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U.S. lifts China’s currency manipulator label prior to signing trade deal

U.S. lifts China’s currency manipulator label prior to signing trade deal

Posted January. 15, 2020 07:41,   

Updated January. 15, 2020 07:41


The U.S. reversed its designation of China as a currency manipulator two days before signing the Phase 1 trade deal with the country. It has been five months since China was put on its list of currency manipulators in August 2019 when the trade war between the two countries was at its peak. The new development is expected to have a positive impact on the South Korean economy as uncertainties in the global financial market would be lessened. Meanwhile, the U.S. decided to maintain South Korea on a list of countries to monitor for currency practices.

The U.S. Treasury Department on Monday (local time) removed China from its currency manipulator list by realizing the “Macroeconomic and Foreign Exchange Policies of Major Trading Partners of the United States” report. China, along with South Korea and Japan, is now on the list of 10 countries to be monitored. The U.S. designated China as a currency manipulator for its heavy involvement to depreciate the yuan in August 2019 when the yuan-per-dollar exchange rate went over seven for the first time in 25 years since 1994.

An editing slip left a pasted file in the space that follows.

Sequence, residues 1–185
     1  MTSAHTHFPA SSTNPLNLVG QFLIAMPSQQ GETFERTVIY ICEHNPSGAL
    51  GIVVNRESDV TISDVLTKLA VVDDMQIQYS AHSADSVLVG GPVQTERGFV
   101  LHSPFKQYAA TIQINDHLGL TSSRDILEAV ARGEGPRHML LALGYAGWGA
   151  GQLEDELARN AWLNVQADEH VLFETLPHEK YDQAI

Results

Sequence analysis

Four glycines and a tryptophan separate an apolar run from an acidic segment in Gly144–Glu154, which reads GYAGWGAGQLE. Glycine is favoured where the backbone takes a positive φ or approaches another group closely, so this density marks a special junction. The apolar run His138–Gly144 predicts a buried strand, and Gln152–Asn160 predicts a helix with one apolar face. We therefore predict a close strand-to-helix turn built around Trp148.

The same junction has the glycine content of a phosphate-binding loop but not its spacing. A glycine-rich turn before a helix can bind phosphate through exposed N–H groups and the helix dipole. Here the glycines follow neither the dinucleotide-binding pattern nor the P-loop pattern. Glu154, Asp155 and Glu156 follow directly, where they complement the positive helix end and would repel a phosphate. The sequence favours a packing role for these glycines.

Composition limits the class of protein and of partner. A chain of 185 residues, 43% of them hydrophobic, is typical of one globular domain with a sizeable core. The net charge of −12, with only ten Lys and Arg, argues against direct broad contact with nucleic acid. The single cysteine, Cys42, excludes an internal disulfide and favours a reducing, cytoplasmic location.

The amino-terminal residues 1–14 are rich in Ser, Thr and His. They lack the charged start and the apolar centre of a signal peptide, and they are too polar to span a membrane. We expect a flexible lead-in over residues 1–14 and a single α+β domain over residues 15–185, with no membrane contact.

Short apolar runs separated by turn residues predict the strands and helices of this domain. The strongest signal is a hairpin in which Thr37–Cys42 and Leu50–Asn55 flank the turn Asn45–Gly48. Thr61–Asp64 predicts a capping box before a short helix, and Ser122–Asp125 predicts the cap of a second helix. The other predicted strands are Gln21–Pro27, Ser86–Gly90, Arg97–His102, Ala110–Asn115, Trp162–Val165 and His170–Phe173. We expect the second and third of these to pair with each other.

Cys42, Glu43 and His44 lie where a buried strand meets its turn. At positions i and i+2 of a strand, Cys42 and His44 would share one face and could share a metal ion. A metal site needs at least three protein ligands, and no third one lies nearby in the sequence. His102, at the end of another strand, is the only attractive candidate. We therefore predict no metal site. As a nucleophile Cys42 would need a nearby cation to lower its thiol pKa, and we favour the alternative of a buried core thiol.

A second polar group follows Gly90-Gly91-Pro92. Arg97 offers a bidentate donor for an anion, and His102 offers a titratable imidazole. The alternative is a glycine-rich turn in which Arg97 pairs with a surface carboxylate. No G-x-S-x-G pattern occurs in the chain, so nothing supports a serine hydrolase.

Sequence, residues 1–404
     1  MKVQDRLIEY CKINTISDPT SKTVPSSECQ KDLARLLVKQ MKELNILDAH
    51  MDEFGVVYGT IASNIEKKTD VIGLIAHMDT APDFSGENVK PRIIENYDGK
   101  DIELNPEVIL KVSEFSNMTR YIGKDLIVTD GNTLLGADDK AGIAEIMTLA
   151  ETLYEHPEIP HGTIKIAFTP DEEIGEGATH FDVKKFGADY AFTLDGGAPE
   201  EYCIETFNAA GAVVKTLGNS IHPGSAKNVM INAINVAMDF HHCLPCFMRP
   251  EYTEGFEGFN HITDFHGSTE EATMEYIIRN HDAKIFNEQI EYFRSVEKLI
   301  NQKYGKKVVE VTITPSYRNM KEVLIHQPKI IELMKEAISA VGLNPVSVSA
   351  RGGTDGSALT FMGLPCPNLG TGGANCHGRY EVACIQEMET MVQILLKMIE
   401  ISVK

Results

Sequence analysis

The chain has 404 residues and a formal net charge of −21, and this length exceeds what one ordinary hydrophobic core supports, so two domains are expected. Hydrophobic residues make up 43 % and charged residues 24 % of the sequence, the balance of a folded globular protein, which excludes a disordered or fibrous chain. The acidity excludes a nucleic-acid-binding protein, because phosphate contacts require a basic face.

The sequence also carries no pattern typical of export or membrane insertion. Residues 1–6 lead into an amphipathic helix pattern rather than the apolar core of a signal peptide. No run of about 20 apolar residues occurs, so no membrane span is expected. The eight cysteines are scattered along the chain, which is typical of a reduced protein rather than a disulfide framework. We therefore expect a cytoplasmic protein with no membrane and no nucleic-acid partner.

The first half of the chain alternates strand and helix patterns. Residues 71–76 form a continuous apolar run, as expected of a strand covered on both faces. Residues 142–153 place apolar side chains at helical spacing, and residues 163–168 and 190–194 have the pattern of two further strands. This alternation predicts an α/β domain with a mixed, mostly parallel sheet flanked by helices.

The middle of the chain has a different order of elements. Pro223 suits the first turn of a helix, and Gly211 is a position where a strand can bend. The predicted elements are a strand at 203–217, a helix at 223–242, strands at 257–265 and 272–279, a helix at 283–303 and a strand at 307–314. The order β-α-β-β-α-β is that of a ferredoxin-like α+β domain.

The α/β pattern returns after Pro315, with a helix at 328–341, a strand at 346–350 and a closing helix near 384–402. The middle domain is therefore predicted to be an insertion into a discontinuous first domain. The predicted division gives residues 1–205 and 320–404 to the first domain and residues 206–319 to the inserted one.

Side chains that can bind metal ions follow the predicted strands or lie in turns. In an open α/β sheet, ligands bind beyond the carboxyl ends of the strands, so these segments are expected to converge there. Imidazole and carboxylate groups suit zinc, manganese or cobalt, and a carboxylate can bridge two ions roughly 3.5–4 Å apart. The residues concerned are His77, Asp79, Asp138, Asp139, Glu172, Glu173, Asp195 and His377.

“China has made enforceable commitments to refrain from competitive deval‎uation while promoting transparency and accountability,” U.S. Treasury Secretary Steven Mnuchin said in a statement. He also expressed his expectation that the Phase 1 trade agreement with China will create opportunities for economic growth for U.S. industries and workers.

China’s removal from the currency manipulator list took place ahead of the signing of the Phase 1 trade deal between the two countries. Chinese Vice Premier and chief trade negotiator Liu He has arrived in Washington on Monday and been preparing for the signing on Wednesday. The lifting of China’s currency manipulator designation by the U.S. may seem like a gesture of concession from the U.S., but some believe that it is actually a well-thought-out scheme to ensure that China does not reverse or change the agreed trade deal.

Gun-Huk Lee gun@donga.com · Yong Park parky@donga.com